Misa Hylton Photo: Steve Eichner/WWD/Penske Media via Getty Images
If you take a look back at the most iconic hip-hop fashion moments of all time from artists like Mary J. Blige, Lil’ Kim, and Missy Elliott, you’ll notice that Misa Hylton is the common thread. The stylist turned fashion architect and designer — an early pioneer of the “ghetto fabulous” aesthetic — laid the blueprint for hip-hop style and helped craft the image of its most famous faces throughout the ’90s. Her résumé highlights range from creating Lil’ Kim’s one-sleeve lavender jumpsuit at the 1999 MTV Video Music Awards and fur-embellished bodysuit at the Source Hip-Hop Awards later that year to styling music videos for Jodeci, Foxy Brown, and Faith Evans. In a decade of minimalism and forgettable trends, Hylton’s over-the-top looks — often characterized by casual streetwear pieces mixed with luxe furs, big bling, and bright colors — broke through the noise and became synonymous with hip-hop culture.
The New York native tells the Cut she’s always been fascinated by the idea of shaping someone’s image through fashion, hair, and makeup … yes, she was that girl inhigh school who made prom dresses for her classmates and did their glam better than the professionals. Hylton was essentially styling friends and family before she even knew what a stylist was. So when she got the chance to turn her passion into a legitimate career, she was ready — even though she was just 17 years old. “I was dating Puffy (Sean “Diddy” Combs) at the time. He had just gotten promoted from intern to A&R at Uptown Records, which means he was in charge of not only the sound and the production but also the looks,” Hylton says.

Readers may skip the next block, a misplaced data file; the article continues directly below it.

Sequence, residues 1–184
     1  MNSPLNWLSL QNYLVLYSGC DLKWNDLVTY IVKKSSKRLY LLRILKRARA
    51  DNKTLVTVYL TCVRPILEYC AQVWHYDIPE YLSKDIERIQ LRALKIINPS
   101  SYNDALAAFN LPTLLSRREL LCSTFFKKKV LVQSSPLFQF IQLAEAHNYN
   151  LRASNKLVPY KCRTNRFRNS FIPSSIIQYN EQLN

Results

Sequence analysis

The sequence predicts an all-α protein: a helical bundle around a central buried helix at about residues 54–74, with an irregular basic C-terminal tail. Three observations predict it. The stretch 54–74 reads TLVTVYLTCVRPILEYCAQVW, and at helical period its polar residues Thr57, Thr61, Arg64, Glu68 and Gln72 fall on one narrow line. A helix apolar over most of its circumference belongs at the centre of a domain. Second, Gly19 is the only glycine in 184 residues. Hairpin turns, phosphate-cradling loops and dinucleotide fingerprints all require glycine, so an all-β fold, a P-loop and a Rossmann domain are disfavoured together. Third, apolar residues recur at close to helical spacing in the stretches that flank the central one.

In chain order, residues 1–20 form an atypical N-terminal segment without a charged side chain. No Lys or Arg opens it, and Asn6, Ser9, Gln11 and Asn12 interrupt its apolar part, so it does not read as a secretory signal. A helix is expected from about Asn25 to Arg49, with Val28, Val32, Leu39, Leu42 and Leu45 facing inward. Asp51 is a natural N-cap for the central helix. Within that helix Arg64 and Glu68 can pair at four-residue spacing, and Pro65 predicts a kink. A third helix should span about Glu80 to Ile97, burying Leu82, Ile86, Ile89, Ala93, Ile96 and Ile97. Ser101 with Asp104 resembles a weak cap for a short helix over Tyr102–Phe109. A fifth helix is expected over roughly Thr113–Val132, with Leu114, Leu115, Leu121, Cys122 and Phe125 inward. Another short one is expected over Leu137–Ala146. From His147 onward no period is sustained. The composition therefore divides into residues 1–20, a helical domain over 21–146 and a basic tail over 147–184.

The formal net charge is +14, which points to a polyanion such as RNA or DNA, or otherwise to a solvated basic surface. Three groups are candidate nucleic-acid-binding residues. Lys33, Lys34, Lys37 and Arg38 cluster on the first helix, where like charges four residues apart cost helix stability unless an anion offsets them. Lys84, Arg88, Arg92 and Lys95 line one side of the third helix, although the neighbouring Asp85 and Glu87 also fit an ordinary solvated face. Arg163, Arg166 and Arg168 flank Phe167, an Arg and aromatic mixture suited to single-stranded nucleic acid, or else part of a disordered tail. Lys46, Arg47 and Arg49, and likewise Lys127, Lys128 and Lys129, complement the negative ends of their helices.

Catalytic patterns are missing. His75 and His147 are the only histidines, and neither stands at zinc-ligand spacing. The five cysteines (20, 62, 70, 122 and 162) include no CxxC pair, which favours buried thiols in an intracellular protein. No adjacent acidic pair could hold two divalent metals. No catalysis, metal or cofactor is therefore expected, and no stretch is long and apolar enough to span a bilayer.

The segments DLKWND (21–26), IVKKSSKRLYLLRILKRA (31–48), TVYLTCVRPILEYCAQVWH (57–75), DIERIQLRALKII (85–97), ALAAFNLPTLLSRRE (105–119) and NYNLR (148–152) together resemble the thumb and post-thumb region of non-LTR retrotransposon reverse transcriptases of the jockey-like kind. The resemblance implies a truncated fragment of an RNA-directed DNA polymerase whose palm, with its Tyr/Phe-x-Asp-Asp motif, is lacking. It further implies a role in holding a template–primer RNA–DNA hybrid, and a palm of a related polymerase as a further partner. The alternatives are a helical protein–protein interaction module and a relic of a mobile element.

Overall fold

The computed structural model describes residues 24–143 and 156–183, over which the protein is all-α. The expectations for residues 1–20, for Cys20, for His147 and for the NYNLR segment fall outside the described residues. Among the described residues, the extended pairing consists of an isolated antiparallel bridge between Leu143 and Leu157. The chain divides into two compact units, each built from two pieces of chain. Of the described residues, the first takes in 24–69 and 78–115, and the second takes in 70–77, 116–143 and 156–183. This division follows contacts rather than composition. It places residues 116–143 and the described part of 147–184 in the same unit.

Misa Hylton Photo: Johnny Nunez/Getty Images for The Recording Academy
When Combs started working with R&B quartet Jodeci, Hylton stepped in as his assistant and “right-hand” woman. Their first job together was styling Jodeci for the band’s “Gotta Love” music video. At the time, R&B singers wore mostly suits and hard-bottom shoes, so getting Uptown Records music executive Andre Harrell to agree to combat boots, baggy jeans, and hoodies took some convincing. But Hylton and Combs stood behind their unconventional idea, and Harrell eventually gave in. The fresh concept was “hugely successful,” Hylton says, which gave her the opportunity to work with none other than Blige, who was also signed to Uptown Records at the time.
By helping Blige transition to a more glamorous, feminine image and styling her for music videos like “You Remind Me” and “Everything,” Hylton made a name for herself among industry insiders and record-label executives. She became the go-to stylist for hip-hop artists who wanted to have fun with fashion or take risks with their looks. “Even people who didn’t know which direction they wanted to go in with their style — but knew they wanted to do something unique and special — would call me,” she says.
And soon, she found her fashion soul mate in then up-and-coming rapper Lil’ Kim. The duo made magic together throughout the late ’90s — from red-carpet looks that got the whole world talking to innovative performance outfits that helped shoot the rapper to superstardom. “With the success of Mary J. Blige, I had made it, right? But when Kim came along, that took me to the next level of my career,” Hylton says. “It was a level-up moment.”